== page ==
New York Punks Citris On Re-Releasing Their Crushing Debut Album ‘Panic In Hampton Bays’

Editorial Director, Music

Now that the ’90s are almost three decades gone, it’s easier than ever to hear how the blown out, gritty aura of that era lingers on in new iterations of punk, pop, and rock. For Citris, a New York punk band who came up at Purchase College in Purchase, NY, the ’90s are a major touchstone on their debut album Panic In Hampton Bays. But for the band’s frontwoman Angelina Torreano, the influence of grunge is just another weapon in her already formidable songwriting arsenal.

“The ’90s — of course — is one of my main styles,” she said. “But it seems but if you think about it, the late ’60s, early ’70s and the ’90s share a lot of similarities. For instance, Elliot Smith drew a lot of inspiration from The Beatles, and he was a huge ’90s songwriter. So I’d say it’s actually a combination of those.”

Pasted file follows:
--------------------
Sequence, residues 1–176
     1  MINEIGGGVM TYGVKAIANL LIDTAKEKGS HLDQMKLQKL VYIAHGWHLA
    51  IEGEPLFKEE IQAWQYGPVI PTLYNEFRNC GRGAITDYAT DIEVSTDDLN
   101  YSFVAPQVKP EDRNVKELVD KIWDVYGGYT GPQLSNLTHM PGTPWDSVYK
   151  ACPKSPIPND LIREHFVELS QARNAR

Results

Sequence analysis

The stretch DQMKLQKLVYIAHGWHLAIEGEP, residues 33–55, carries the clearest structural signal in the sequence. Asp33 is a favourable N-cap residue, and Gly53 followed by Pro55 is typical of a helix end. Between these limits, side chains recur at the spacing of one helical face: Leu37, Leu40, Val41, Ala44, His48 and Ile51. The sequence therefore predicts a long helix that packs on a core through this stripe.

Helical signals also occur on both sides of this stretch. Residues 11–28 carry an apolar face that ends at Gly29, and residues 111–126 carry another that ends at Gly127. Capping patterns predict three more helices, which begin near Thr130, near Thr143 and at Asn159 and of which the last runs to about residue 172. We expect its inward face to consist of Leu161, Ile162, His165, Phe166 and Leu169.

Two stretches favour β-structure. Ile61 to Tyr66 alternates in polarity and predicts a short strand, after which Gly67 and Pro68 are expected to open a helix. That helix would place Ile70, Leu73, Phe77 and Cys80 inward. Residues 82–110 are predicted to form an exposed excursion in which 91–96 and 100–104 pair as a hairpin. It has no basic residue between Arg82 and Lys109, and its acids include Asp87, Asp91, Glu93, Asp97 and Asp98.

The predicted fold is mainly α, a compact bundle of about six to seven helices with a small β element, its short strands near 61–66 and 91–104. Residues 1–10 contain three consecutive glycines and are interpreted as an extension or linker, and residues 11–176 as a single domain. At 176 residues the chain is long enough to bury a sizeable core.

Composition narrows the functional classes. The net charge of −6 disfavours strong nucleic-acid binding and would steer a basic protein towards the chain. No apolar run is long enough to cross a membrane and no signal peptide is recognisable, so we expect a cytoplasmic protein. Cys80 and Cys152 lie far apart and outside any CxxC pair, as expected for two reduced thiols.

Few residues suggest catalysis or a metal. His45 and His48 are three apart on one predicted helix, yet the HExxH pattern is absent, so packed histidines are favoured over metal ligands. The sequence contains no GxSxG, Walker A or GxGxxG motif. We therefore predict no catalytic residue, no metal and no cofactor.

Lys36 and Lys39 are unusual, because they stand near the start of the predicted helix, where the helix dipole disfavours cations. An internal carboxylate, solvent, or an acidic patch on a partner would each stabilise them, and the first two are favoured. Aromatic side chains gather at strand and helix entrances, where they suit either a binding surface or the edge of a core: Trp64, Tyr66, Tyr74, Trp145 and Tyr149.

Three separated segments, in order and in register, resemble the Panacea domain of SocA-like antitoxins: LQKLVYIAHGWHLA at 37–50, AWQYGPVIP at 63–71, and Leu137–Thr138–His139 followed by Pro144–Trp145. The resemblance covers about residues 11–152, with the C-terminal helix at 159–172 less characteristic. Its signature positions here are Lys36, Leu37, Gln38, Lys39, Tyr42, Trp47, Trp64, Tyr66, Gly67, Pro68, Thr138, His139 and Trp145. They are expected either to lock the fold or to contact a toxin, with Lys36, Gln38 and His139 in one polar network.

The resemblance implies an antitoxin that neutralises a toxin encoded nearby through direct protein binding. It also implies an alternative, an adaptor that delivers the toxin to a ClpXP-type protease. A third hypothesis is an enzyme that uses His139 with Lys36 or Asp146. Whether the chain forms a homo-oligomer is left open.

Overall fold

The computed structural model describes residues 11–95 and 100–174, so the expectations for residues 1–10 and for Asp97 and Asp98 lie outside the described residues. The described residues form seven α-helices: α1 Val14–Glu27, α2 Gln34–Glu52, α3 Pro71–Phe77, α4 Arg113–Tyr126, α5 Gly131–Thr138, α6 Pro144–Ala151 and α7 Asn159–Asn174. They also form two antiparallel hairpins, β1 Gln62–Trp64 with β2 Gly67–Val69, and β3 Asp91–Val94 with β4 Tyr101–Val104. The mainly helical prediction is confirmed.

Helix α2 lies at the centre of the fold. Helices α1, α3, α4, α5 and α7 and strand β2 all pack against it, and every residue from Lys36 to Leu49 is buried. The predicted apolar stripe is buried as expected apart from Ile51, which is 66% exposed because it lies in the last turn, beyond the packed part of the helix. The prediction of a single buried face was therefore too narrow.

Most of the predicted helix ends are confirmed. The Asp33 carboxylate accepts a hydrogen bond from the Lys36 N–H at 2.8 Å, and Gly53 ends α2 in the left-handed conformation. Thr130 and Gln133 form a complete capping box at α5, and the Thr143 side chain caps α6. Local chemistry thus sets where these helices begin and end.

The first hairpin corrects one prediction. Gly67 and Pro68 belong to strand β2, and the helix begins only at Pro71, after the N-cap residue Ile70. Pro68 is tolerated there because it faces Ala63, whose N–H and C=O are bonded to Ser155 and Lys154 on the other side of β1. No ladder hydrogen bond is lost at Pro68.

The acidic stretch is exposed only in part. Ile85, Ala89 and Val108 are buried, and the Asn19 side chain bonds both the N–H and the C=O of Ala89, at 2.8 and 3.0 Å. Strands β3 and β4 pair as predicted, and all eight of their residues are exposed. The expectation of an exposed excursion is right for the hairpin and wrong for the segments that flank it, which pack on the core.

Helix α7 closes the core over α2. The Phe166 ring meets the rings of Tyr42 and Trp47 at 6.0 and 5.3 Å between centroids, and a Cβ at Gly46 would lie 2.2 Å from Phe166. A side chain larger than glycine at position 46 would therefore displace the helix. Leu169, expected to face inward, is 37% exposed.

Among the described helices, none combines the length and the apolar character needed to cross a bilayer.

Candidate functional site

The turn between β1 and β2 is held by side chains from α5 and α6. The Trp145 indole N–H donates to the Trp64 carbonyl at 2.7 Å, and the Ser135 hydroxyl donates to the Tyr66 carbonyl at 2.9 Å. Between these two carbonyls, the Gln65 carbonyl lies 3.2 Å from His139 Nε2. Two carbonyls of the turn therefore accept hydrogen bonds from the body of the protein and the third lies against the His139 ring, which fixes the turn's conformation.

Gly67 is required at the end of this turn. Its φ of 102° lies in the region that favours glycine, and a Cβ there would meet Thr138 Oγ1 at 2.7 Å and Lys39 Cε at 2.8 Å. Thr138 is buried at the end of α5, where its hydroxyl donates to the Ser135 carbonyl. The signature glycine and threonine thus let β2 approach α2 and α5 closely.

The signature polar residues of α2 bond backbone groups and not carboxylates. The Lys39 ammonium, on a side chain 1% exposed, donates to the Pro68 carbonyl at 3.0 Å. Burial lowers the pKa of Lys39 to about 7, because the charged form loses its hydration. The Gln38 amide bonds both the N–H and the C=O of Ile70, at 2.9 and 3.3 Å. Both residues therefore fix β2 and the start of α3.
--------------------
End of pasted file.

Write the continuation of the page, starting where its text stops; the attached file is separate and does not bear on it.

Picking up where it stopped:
While grunge is a foundational part of Citris’ sound, so is a scathing critique of society’s expectations for women’s appearances and relationships, and a feminist perspective, which specifically brings Hole and Alanis Morissette to mind. Torreano writes all the band’s lyrics, drawing largely on her own experiences, and then collaborates with guitarist and producer Chris Krasnow to create the swirly, heady rock songs that have recently caught the ear of listeners far outside the band’s east coast bubble.

The band self-released Hampton in 2015 as a streaming-only album, but after the small, local LA record company New Professor Music got a hold of the record, they decided to re-release it this year. For Torreano and Krasnow, who write all of Citris’ songs, played every part on this record, and taught the parts to other band members for live show and touring purposes, the opportunity to get another chance with their debut record is a huge positive.

“At first I was worried that people would overlook the reissue because we had released it before,” Torreano said. “But now I’m happy we’re doing it, because I’m realizing how many people we actually didn’t reach. We reached our friends but we need to reach more than just that.” If you don’t have the pleasure of already being friends with the band, get to know them in our conversation below, and look for the new iteration of Panic In Hampton Bays coming out this Friday, 2/24 via New Professor Music.

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